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Where Does the Buck Stop at GA Shelter?

You know how when someone in the Obama administration screws up, our President says, “The buck stops with me” by way of taking responsibility for the actions of those who work for him?  I can relate to this.  In my office, I don’t do the billing but when there are billing problems that come to the attention of my boss, he comes to me.  He knows I don’t do the billing but he looks to me as overseeing the administration of the office paperwork.  He expects me to work out who is responsible for the error, go to that person and address it so that it doesn’t happen again.  As such, I take a proactive approach in trying to address problems before they come to the attention of my boss.

In an animal shelter, I would think the buck stops with the shelter director.  But maybe Floyd Co AC’s shelter director sees it differently, I don’t know.

Apparently the shelter’s highest adoption rate was in 2009 – a miserable 25%.  And their lowest kill rate was in 2007 – a sad 61%.  This year, shelter director Jason Broome agreed to provide space at the shelter and a phone line for rescue volunteers to try to save the lives of the pets in his care.  The volunteers dramatically increased the adoption rate to 62% and lowered the kill rate to 24% – basically a flip-flop of the shelter’s previous stats.

Last week, the volunteer program was suddenly shut down amidst a GA Department of Agriculture investigation into the paperwork being completed by the volunteers.  One of the volunteers acknowledged there were errors:

“We thought we were doing the paperwork the Department of Agriculture wanted, but we weren’t.”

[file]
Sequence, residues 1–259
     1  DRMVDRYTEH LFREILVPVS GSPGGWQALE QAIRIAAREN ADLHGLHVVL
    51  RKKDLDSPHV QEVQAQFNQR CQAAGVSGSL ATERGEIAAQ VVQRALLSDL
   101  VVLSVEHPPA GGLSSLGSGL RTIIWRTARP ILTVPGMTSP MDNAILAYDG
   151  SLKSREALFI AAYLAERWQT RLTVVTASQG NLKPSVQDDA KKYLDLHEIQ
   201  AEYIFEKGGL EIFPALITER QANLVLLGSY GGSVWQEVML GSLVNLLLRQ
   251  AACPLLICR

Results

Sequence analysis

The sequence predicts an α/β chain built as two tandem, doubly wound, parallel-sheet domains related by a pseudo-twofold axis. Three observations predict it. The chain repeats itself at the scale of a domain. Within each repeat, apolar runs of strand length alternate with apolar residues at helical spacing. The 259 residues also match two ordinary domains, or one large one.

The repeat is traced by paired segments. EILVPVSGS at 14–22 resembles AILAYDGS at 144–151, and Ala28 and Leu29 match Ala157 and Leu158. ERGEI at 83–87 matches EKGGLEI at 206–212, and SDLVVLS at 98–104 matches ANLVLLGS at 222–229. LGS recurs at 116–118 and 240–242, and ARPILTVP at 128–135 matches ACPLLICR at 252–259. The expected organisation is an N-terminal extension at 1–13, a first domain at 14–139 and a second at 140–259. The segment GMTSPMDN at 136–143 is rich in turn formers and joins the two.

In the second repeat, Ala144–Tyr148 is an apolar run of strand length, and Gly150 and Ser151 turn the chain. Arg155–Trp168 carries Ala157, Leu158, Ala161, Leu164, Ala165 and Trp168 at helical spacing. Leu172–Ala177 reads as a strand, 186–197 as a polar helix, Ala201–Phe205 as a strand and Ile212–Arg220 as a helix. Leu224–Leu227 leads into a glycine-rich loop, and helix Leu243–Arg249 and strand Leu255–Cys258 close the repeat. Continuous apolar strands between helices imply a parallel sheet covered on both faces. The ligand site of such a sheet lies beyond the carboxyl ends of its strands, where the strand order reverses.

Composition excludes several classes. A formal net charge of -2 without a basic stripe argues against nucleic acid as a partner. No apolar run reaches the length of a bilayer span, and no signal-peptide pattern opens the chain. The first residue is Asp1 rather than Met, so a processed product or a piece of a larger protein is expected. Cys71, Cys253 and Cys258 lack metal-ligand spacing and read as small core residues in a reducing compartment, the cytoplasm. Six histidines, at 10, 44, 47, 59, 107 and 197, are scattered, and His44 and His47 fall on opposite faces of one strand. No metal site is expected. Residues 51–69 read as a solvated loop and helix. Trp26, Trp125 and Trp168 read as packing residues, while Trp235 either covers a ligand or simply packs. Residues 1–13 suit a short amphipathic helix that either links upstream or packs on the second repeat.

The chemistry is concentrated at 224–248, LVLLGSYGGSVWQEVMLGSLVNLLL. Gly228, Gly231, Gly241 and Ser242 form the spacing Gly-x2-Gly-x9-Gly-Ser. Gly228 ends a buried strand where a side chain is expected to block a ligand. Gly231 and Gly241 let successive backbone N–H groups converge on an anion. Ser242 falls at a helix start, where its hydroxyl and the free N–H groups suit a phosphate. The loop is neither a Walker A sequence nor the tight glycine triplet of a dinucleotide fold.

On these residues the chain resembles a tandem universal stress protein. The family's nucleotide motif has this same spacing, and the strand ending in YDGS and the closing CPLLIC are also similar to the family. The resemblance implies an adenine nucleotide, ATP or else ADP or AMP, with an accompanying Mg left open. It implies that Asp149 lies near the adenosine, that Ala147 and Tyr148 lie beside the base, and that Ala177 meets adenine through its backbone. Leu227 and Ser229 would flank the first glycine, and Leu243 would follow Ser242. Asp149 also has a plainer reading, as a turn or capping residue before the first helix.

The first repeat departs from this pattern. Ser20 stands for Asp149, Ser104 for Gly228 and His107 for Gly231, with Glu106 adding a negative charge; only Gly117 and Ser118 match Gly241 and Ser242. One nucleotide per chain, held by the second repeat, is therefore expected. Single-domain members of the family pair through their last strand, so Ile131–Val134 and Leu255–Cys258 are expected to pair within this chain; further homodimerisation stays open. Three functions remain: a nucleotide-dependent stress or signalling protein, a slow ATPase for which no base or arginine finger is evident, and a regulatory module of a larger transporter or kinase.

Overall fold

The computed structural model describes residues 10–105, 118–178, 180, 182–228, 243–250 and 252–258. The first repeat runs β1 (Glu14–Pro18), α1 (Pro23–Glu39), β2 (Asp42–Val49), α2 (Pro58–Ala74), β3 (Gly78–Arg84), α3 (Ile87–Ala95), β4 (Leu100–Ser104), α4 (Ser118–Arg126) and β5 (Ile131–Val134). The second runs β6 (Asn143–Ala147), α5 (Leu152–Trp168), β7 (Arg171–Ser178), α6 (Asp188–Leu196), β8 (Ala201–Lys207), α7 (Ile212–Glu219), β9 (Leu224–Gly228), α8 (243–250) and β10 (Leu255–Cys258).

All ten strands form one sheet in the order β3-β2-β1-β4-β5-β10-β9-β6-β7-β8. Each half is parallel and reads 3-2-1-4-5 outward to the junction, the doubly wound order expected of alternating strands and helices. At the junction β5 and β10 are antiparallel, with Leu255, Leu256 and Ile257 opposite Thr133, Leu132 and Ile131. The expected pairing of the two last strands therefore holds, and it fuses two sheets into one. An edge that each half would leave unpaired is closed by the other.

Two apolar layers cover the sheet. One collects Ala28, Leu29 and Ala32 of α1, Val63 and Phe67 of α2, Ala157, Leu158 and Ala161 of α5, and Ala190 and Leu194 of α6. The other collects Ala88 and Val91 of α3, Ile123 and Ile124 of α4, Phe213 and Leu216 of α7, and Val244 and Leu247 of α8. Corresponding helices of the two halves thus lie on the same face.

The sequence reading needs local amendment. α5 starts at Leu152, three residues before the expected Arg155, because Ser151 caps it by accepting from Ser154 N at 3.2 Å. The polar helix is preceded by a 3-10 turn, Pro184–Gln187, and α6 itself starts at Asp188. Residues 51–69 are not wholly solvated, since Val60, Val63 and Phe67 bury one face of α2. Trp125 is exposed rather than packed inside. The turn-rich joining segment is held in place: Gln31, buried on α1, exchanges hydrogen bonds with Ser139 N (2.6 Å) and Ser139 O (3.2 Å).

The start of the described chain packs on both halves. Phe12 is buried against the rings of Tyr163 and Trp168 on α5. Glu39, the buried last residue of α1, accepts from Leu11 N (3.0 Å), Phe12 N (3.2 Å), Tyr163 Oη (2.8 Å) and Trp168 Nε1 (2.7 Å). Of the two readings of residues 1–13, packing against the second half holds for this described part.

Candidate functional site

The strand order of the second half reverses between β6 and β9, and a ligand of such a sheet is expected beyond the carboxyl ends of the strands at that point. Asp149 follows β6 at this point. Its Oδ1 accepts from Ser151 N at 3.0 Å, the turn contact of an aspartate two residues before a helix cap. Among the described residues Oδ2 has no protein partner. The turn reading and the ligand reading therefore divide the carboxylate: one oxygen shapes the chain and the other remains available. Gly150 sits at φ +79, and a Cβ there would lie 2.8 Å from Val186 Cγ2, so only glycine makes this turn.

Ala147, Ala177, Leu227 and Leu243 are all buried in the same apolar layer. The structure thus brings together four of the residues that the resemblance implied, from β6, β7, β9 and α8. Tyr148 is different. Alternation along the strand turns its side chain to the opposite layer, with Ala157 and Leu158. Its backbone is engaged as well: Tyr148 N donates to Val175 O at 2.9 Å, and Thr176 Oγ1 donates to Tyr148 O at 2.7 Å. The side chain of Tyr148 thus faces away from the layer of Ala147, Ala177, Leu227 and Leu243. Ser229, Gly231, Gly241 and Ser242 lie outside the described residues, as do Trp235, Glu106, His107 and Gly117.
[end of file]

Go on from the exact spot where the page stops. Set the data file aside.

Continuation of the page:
Agriculture Department spokesman Yao Seidu said he couldn’t discuss the ongoing investigation, but confirmed it was focused on paperwork violations.

The violations appear to involve a failure to properly vet rescue groups who were pulling pets from the shelter.  Several local veterinary clinics were left with pets brought in by rescue groups for treatment but never picked up.  And:

Improperly checked references also have sent animals to hoarders, unlicensed shelters where the animals get in serious fights or are allowed to roam loose, and to “rescuers” that try to scam animal lovers out of PayPal donations online.

Assuming all that is accurate, it’s bad.  I would agree that things need to change.  But my question is – Where does the buck stop?  Shouldn’t the director have been overseeing the paperwork completion, including the mandated vetting of rescue groups?  What happened after the first pet was left at a vet and the rescuer didn’t pay the bill or claim the animal?  Or the second time that happened?  Did the shelter director take any action after pets were found to have been released to supposed hoarders?  Did the shelter director have any problem with pets that were released to unlicensed shelters?  How about Paypal scammers – did the shelter director step in at that point?

I don’t know the details of how events unfolded at Floyd Co AC.  But to my mind, when a director allows volunteers into his shelter, he accepts responsibility for their actions.  He is obligated to oversee their compliance with rules and regulations.  And most importantly, once he becomes aware of a problem, he needs to step in and address it to ensure it doesn’t happen again.  Maybe in this case the director is claiming ignorance, I don’t know.  But ignorance is no excuse.  If anything, a claim of ignorance would be a damning indictment of the director’s failure.

If the allegations are true that pets were being released to rescues who weren’t vetted according to the state laws, why should the buck stop with the volunteers?  Are Floyd Co taxpayers paying the volunteers’ salary and looking to them to take responsibility when things go awry?  No, that is the shelter director’s job.  So why isn’t anyone asking that question?  And must the pets at the Floyd Co shelter face an immediate return to the abysmal kill rates of the past just because someone failed to do his job?

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